“It took many years of vomiting up all the filth I’d been taught about
myself, and half-believed, before I was able to walk on the earth as though
I had a right to be here.”
— James Baldwin, Collected Essays
I love your silences, they are like mine. You are the only being before whom I am not distressed by my own silences. You have a vehement silence, one feels it is charged with essences, it is a strangely alive silence, like a trap open over a well, from which one can hear the secret murmur of the earth itself.
| Anaïs Nin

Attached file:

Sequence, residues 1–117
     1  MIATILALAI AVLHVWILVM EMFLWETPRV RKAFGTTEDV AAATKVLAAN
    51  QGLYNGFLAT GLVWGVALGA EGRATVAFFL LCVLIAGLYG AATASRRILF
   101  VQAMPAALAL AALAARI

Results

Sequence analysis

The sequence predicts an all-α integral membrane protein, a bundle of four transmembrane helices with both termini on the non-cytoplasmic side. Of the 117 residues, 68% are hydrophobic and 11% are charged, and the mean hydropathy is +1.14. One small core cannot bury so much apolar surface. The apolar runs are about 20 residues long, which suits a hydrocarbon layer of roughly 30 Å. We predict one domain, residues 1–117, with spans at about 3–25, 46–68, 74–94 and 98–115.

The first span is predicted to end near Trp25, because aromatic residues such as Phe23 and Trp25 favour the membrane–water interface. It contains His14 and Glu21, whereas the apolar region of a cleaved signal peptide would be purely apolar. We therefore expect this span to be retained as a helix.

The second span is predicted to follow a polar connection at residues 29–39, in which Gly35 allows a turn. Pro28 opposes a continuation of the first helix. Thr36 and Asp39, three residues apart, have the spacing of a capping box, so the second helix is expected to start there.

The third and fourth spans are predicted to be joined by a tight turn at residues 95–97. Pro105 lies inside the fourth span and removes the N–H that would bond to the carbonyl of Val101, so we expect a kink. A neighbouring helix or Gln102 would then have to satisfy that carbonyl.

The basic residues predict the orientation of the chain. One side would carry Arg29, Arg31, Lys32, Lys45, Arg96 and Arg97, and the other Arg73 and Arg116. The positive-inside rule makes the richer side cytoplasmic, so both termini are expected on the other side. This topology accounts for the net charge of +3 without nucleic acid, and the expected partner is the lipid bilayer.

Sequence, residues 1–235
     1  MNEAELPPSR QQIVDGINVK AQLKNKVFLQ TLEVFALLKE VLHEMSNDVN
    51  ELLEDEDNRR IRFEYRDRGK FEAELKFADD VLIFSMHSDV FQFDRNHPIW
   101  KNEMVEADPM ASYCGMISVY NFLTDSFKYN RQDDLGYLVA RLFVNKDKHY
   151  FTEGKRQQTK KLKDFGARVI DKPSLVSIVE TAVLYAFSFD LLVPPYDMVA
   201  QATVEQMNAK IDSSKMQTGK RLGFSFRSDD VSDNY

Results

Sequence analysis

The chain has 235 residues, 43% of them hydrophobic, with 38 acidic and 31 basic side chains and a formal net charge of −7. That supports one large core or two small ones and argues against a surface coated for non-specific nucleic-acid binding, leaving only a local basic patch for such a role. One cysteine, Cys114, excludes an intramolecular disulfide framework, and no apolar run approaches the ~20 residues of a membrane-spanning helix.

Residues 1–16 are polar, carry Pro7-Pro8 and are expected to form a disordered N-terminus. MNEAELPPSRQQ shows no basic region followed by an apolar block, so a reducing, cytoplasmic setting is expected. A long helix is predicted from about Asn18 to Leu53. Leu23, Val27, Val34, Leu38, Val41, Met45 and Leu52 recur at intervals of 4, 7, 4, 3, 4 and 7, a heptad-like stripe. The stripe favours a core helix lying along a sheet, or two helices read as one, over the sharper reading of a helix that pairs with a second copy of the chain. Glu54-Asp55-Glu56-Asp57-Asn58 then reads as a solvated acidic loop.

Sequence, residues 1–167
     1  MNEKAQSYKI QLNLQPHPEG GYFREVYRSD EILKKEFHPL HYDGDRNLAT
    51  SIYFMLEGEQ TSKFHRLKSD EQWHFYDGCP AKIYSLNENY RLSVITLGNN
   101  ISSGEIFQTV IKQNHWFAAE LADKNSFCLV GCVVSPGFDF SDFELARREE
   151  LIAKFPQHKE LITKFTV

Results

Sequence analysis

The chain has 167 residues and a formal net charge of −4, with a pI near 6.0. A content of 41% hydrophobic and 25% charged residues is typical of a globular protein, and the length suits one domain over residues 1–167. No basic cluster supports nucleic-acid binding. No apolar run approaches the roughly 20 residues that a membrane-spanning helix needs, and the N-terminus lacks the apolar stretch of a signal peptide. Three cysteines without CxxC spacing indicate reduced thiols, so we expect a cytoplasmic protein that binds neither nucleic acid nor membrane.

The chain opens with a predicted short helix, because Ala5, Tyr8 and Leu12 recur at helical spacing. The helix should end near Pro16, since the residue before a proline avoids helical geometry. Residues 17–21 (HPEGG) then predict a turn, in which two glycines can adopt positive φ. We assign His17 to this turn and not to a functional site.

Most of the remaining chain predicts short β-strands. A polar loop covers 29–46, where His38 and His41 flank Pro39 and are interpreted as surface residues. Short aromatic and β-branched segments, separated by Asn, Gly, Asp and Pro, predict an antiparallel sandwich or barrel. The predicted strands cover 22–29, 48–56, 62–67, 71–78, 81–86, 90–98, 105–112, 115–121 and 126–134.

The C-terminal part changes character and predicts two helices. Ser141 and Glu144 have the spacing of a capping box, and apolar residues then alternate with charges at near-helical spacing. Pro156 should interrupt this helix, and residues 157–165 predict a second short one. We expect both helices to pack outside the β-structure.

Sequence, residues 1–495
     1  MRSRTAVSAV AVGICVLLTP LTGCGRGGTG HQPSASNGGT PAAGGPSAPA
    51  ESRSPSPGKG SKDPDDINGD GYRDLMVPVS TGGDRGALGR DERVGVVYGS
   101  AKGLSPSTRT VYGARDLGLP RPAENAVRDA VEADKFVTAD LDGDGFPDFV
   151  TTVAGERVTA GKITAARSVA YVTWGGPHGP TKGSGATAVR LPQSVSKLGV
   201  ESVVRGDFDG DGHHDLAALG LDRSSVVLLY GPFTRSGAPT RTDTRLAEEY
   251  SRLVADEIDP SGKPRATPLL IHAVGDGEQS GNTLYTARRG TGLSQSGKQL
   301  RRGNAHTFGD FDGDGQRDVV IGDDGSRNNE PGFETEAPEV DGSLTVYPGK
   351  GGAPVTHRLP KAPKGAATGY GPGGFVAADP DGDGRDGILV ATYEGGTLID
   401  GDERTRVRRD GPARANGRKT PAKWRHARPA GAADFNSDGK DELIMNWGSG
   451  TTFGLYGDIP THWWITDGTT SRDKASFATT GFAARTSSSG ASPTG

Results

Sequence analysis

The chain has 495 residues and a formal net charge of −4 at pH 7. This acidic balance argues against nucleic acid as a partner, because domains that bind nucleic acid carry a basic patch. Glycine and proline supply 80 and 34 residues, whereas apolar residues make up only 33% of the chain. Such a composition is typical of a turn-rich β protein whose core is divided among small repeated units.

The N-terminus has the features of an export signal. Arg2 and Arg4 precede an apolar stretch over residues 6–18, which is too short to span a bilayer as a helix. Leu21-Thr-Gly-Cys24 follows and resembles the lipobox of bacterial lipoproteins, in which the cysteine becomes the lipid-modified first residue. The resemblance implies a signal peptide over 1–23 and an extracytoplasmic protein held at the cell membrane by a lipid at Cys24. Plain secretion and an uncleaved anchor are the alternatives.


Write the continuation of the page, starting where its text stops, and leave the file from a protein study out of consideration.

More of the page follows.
Branding is a dirty word for many activists, but it really just means “the set of expectations, memories, stories, and relationships that, taken together, account for a consumer’s decision to choose one product or service over another.” If we take branding out of the realm of consumption and into the interplay of ideas in the public sphere, then we see that the tools of branding can be used for more than just selling soap. Three important points to keep in mind about branding: Branding isn’t inherently “corporate.” Branding is really nothing more than a set of proven principles for associating, in the collective imagination, a certain word, phrase or image with a set of emotions or ideas. There’s nothing inherently capitalist about that. Corporations use branding because it works. Anti-corporate activists can use it, too. Branding can make the difference between success and failure. Every movement wants its message to be heard, but simply being right won’t sell your ideas. The human mind needs to be persuaded.